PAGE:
• Entertainment

Your Guide to Hate-Watching Glee’s Final Season

4 minute read

It’s been a long time since the New Directions gave us all goosebumps with the group’s cover of “Don’t Stop Believin.” Since then, the a capella outcasts of William McKinley High School have had many ups and many downs, including incredible covers, interesting guest stars, 3-D films, Twitter hoaxes and the tragedy of losing star Cory Monteith.

Glee, the once popular musical dramedy, hit a ratings low during its fifth season finale with just 1.9 million viewers, and Fox trimmed its final season to 20 episodes. Even worse, the show got pushed to Friday nights. Last season was pretty awful, but the show must go on. So if you’re a Gleek who’s yet to let go, here’s what you need to know before tuning in Friday.

Where we left off

Things got ridiculous last season. Rachel landed the role of Fanny Brice in Funny Girl on Broadway and dropped out of NYADA to focus on her career. She was later upended when Santana became her understudy, which only fueled their feud. Blaine and Kurt got engaged to a sweet cover of “All You Need Is Love” during the Beatles episode. And Finn’s death was pretty much glossed over in a touching episode called “The Quarterback” (more on this below). Sam, Blaine, Artie and Mercedes moved to New York after graduation. Sam and Mercedes had an odd relationship in New York that ended when Mercedes left the city to go on a mall tour with Brittany and Santana, who got back together. Oh, we’re not done yet. Puck and Quinn, who reunited on the show’s 100th episode, got back together despite sharing a child together in the first season. Seriously, all of this happened. And to top it all off, at the end of the season, Rachel left Broadway to pursue a career in TV while the glee club was disbanded by whom other than Sue Sylvester. There were also guest stars like Shirley Maclaine, Demi Lovato and Peter Facinelli, and some returning ones like Gwyneth Paltrow and Whoopi Goldberg.

The struggle without Cory Monteith

The show said farewell to its quarterback Finn Hudson when Monteith died at 31 of a heroin overdose in July of 2013. The star dated on-screen girlfriend Lea Michele in real life, which was reflected in the goodbye episode that seemed as much a tribute to Monteith as it did to his character. The show’s creator Ryan Murphy explained that this final season was supposed to wrap up the love between Michele and Monteith’s Rachel and Finn. At the end of season six, Lea [Michele’s] Rachel was going to have become a big Broadway star, the role she was born to play. Finn was going to have become a teacher, settled down happily in Ohio, at peace with his choice and no longer feeling like a Lima loser. The very last line of dialogue was to be this: Rachel comes back to Ohio, fulfilled and yet not, and walks into Finn’s glee club. “What are you doing here?” he would ask. “I’m home,” she would reply. Fade out. The end.”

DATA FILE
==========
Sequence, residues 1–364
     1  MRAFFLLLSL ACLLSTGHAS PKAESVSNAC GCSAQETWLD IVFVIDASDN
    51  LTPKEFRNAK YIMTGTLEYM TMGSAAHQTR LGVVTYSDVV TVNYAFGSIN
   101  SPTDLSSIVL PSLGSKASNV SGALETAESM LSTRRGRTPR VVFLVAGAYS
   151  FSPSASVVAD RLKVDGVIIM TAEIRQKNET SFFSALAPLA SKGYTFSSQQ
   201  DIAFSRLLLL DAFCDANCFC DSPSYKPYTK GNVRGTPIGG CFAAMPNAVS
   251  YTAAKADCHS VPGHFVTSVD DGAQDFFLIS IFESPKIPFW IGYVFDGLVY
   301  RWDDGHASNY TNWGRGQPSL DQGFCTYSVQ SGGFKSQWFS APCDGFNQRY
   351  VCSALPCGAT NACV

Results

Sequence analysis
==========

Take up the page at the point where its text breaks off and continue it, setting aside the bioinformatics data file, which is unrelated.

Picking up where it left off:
What we know about the final season

Rachel and Kurt have moved home to Lima to bring the New Directions back to life against Sue’s wishes. There are a handful of new characters, bullies and outsiders, who bring back memories of season one (arguably the show’s best), but will likely seem a little been-there-done-that at this stage. Originals like Mark Salling, Dianna Agron, Naya Rivera and Heather Morris will be back as well. “They’re all back home kind of to lick their wounds,” Jane Lynch told Entertainment Tonight.

Songs to expect

“Let It Go” is the most publicized of the numbers and was released earlier this week. No word on whether Rachel’s on-screen mother Idina Menzel, who sings the original from Frozen, will make another guest appearance. There have also been cuts of Darren Criss’ Blaine covering Ed Sheeran’s “Sing” and clips of the entire club tackling A-ha’s eighties hit “Take on Me.”

The two-hour season premier is set to air on Friday at 8 p.m. E.T.

Get your slushies ready.

More Must-Reads from TIME

Contact us at letters@time.com